Pregnancy and postpartum can be wonderful experiences, but they can also have a significant impact on the birthing person. Depression and anxiety could strain the new parent, leaving them lost and afraid. That potential outcome is why NCCC founder Amy Green has strived to provide birthing parents support and education to help them overcome mental health struggles.
For some, the course of pregnancy and postpartum can be a turbulent and difficult experience, one that sees changes in the physical body along with the many life transitions that a new child brings with it into the world, impacting everyone around it. As a result of the alterations, birthing parents can become depressed, anxious, and overwhelmed.
Pregnancy and postpartum depression are part of the field known as maternal mental health, which according to LCSW Amy Green, “We go through a lot of hormonal changes [and] a lot of body changes when pregnant.” “All of these changes are commonplace, and it is normal to experience some stress during these adjustments, it is such a huge transition,” she said.
Green is the founder and chief executive officer of the Nashville Collaborative Counseling Center (NCCC), a practice dedicated to helping birthing parents and families struggling with maternal mental health. According to Green, one out of every ten birthing persons experience pregnancy and postpartum depression. A history of trauma or traumatic birth experience can increase an individual’s risk for developing a perinatal mood disorder. Over 600,000 birthing persons are expected to be impacted by postpartum depression every year.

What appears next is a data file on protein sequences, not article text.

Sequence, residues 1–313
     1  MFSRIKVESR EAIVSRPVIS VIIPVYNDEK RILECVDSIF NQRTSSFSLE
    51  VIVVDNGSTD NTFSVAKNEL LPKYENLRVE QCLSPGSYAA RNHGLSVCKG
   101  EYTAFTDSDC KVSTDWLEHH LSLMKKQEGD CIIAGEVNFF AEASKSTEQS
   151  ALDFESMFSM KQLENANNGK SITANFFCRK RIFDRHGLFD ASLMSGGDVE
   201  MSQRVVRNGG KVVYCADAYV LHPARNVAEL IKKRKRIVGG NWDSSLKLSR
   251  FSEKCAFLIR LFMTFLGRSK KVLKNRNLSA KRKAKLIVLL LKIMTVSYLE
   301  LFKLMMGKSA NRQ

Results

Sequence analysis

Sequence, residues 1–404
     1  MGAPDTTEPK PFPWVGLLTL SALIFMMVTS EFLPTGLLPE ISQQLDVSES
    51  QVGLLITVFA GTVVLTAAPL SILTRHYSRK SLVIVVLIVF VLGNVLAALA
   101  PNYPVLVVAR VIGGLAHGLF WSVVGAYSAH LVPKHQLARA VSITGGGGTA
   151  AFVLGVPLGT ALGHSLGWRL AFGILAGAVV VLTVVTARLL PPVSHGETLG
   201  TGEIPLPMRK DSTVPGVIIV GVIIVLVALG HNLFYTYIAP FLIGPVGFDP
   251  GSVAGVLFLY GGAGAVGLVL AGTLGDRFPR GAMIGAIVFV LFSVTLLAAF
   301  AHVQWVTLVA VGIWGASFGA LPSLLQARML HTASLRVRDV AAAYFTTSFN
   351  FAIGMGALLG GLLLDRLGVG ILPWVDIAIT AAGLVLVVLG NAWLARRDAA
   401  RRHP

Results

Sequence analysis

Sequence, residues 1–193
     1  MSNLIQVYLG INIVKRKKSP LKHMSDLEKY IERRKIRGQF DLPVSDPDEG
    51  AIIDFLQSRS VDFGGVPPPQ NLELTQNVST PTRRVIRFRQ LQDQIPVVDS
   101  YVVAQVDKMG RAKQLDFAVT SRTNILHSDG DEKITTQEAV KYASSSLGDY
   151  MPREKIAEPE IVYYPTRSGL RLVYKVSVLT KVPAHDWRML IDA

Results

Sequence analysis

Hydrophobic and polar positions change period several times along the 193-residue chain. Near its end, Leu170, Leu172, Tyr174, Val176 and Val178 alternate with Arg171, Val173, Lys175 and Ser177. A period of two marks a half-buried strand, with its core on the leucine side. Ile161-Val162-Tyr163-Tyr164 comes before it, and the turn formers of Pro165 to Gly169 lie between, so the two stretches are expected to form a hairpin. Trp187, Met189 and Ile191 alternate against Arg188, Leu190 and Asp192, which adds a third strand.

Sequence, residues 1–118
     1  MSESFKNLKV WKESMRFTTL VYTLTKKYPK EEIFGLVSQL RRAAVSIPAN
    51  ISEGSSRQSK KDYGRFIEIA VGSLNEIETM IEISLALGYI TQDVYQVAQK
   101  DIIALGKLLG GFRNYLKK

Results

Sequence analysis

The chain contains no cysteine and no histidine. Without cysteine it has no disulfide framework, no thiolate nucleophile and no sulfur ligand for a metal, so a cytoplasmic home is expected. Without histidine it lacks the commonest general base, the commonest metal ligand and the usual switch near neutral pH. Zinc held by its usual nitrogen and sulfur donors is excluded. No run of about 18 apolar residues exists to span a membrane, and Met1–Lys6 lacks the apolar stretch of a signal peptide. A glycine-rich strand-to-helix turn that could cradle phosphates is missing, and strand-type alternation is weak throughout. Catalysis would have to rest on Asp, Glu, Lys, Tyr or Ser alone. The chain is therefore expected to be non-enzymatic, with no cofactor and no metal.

“When we have baby blues, which 80% of women experience after giving birth, that should last between two to around 60 [days], and after that we see a stabilizing of the mood. If that doesn’t happen and [the birthing person] is still struggling to engage the baby, or to pick the baby up, or is sleeping all the time or struggling to fall asleep/stay asleep, [then] that’s when we encourage the mother to see a therapist and get support.”
“I talk about this being like a trifecta. We have a huge hormonal disruption and adjustment, we have a lack of sleep, and we have the birth, which is incredibly taxing on a birthing person’s body. And all of those require their own support to sustain a birthing person through postpartum.”
Maternal mental health can have serious, long-lasting consequences if not dealt with professionally. While it is uncommon, Green stated that suicide in the first year postpartum can be a leading cause of death for birthing parents. Postpartum psychosis — another uncommon illness that arises from hormonal disruption, affecting 1-2 of 1,000 birthing parents — can lead to rapid mood swings, hallucinations, and delusional thinking. If a parent is experiencing these symptoms, they are life threatening and the parent should connect to emergency support immediately by calling 911 or going to the nearest emergency room.
A newborn child’s connection with the birthing parent can also be impacted if the parent is not able to get the correct support and help they deserve. “When left untreated, it can absolutely impact bonding and attachment, and we can see babies experience the ill effects of nonattachment. They may be more fussy or harder to soothe, we may experience babies who start to shut down more because they don’t necessarily have that responsive, attached caregiver.”